Jed wants to do a magazine for the counterculture and call it “Rising Higher,” which he says means how the entire generation will constantly be “rising higher” or something. No one in the course of the novel informs him that “Rising Higher” sounds more like an aviation magazine. Jed is about to start up in San Francisco and offers Nick an editorial role; less pay than he currently gets at Time – all employees will be paid the same in total socialist manner – but he will be able to do his own stories, write his own ticket, etc. Nick returns to the doldrums of Time and then after a page-filling trip back to the family mansion in Connecticut, he decides – pretty much off-page – to take Jed Roman up on his offer. Unbelievably, the action picks up a year or so later, with Jed now established in San Francisco and working on the twelfth issue of the magazine; we don’t even see how the magazine started (save for a brief flashback at the very end of the novel to the first issue rolling off the presses), we don’t see any of the early stories or coverage.
As for the things that made the real Rolling Stone so popular, ie the long interviews with rock artists, the comprehensive record reviews, the far-ranging reports on the counterculture, there is nary a trace. It’s always, “I’d just finished a story on such and such,” with us never actually seeing any of it. The record reviews are only mentioned much later in the novel, and only then merely to illustrate another of the lame subplots (basically, that Jed is cooking up shady business with a sleazy label and has slanted the reviews to be overly positive for Ocean Records). As for famous early RS personalities like Joe Eszterhas, Ben Fong-Torres, Robin Green and the like, there’s nary a trace of them, either, save for Sam Carney, a sixty-year-old music biz vet who is clearly based on Ralph Gleason. The only other one we get is the Hunter Thompson analog, Billy Tiger, and as mentioned he’s kept to the sidelines and always defending his work when we do see him. There’s absolutely none of the craziness of the real Thompson, and indeed Capt. Billy Tiger is presented as a “pudgy” joke. What’s more frustrating is that we’re constantly told of these great pieces he and others have written, in particular an essay on the “Satanic” vibe of Altamont which was Billy’s first piece for Rising Higher. But we never get to see any of them or learn more about them – even a few excerpts would’ve been fun, and a way to spruce up the otherwise bland narrative.
Sadly though more focus is placed on Nick’s boring relationship with Carol Reese. She flies around the country on tour and returns to his place at whim, Nick wondering what she sees in him as she could have anyone, etc. There are also signs that she and Jed might have something going on, as they were an item before Nick met her. The early half of Rising Higher gives us about the most we get so far as the rock world goes. My favorite sequence has Nick visiting a recording studio where a new group called Majority is working on an album, produced by Ocean Records wunderkind Nigel Williams. However, Nathan is another of those rock authors either incapable or unwilling to actually describe music, for the most part just giving vague details and focusing on the lyrics. We do get the interesting tidbit that Majority does a “funk-country” tune, which made me think of the awesome track “Easy To See” by the obscure group Bodine.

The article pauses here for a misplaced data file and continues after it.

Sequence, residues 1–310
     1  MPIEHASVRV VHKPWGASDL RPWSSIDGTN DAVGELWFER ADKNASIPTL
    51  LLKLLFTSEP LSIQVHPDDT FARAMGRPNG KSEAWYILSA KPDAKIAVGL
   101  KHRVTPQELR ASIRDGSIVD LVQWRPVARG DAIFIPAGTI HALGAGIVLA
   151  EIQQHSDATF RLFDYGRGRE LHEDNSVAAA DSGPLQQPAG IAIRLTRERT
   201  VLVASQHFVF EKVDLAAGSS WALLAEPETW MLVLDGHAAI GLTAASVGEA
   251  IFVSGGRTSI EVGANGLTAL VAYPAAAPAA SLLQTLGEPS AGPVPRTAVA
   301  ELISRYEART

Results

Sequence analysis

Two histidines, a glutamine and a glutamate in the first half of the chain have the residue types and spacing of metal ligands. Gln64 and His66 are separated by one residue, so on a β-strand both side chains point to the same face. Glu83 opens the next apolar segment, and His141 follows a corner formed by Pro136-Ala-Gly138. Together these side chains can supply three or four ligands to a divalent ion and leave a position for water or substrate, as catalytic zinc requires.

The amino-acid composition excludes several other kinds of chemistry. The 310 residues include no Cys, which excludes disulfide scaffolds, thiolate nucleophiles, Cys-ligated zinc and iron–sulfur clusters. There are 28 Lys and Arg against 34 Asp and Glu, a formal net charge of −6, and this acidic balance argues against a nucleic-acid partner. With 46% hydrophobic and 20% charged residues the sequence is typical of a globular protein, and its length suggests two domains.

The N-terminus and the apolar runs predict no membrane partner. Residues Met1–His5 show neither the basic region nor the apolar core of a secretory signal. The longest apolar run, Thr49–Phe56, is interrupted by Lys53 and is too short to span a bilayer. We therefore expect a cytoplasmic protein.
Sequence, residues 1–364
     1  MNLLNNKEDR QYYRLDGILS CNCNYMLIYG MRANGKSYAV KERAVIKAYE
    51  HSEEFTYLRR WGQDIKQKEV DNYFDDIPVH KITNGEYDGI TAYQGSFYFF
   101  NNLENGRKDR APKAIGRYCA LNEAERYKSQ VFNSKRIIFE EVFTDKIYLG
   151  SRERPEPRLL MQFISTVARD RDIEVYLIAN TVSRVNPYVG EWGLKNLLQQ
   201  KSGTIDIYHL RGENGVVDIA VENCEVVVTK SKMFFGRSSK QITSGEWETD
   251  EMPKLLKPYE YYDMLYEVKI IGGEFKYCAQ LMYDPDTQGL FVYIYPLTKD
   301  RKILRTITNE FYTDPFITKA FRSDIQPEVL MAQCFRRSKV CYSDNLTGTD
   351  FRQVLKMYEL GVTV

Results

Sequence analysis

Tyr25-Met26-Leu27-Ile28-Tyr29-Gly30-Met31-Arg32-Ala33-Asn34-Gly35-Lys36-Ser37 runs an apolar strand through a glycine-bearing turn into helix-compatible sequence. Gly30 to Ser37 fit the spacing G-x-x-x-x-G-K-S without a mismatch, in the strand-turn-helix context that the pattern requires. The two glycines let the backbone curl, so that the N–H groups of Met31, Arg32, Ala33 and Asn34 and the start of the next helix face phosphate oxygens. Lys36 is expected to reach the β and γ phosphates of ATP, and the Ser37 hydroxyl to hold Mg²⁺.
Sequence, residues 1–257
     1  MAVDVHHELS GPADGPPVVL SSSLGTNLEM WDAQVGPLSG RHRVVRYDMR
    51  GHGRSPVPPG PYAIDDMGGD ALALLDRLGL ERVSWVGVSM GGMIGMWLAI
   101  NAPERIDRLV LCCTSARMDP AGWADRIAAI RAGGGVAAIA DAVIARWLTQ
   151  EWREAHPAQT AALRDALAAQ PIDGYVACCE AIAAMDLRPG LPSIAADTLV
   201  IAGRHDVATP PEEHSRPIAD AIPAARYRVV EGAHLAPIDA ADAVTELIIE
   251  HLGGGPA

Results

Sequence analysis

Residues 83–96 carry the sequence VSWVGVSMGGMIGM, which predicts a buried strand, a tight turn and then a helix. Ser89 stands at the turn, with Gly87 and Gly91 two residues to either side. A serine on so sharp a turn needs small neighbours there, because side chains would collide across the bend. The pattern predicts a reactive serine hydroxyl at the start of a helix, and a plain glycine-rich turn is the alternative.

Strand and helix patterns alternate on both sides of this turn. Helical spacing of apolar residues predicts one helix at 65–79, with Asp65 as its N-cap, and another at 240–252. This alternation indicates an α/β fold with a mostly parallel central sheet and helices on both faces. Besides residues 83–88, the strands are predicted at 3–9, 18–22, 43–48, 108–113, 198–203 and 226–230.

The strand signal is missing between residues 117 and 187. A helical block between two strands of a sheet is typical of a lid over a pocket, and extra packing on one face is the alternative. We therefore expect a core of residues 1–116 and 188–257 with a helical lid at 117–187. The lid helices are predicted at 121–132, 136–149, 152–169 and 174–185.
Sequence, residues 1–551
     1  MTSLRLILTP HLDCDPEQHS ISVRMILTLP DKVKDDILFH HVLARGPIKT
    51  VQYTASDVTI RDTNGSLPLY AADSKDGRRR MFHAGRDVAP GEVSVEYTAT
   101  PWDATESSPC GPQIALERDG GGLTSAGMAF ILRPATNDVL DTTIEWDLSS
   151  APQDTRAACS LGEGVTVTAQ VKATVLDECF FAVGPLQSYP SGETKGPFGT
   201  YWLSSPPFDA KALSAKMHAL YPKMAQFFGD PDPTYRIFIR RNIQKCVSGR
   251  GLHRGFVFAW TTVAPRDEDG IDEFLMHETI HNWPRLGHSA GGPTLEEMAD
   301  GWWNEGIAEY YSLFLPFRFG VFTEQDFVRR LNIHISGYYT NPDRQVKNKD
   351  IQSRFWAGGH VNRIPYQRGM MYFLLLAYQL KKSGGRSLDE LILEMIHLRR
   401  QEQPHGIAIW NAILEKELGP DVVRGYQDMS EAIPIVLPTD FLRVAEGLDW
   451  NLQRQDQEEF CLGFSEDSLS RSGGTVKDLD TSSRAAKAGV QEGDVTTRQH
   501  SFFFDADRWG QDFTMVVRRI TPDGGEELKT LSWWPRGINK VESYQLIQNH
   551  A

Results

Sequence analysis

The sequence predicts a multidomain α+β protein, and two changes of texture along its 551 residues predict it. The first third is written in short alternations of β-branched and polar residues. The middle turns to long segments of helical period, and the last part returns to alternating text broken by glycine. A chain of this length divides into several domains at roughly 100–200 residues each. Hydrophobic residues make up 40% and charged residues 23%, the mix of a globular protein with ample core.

More importantly for a novel on the rock culture, there are a few mistakes here and there. Most glaringly we’re told that Jed does a piece where he theorizes that The White Album will be the last Beatles album. The only problem is Nathan has the album coming out after Altamont…and the piece turns out to be correct, as the Beatles split up after its release. Otherwise though as I’ve stated the actual real-world rock stuff is only given passing mention. The death of Jimi Hendrix is given the most focus – but then, only a couple lines at most – after which the ensuing deaths of Janis and Jim are merely mentioned. The death of Janis is mostly used to illustrate the fear Nick has that Carol will be next, and true to every cliched rock story you’ve ever seen or read, Carol’s a mess at this point. Soaring on various drugs, so out of it she collapses in the studio and Nick has to be called in to take her home. This leads to a huge blowout among the three main characters, as Nick catches Jed having sex with Carol, after which he throws a hissy fit and leaves Rising Higher, returning to Connecticut.
At this point it seems to be 1972, and we’re informed that a year later Jed goes to one of Carol’s concerts in New Haven – again, the only concerts we see in the book are courtesy the two female characters – and she’s terrible. She basically throws herself on Nick afterward and he’s like “No thanks,” and next we hear she’s broken down and in a funny farm, out of the spotlight. The action picks up again in 1976 and Nick’s back at Time and it’s like a decade has passed, which adds to the unintentional comedy the Washington Post writer mentioned. Nick gets word that Rising Higher, which has continued to thrive, is moving to New York, and that Jed has bought two floors of the Empire State Building for the new office space. At this point Jed, who was never a well-defined character to begin with (why he started the magazine, what drives him, etc, is never displayed), has become a coke-snorting maniac. He offers Nick the chief editorial role at the magazine and, for reasons he doesn’t understand, Nick accepts.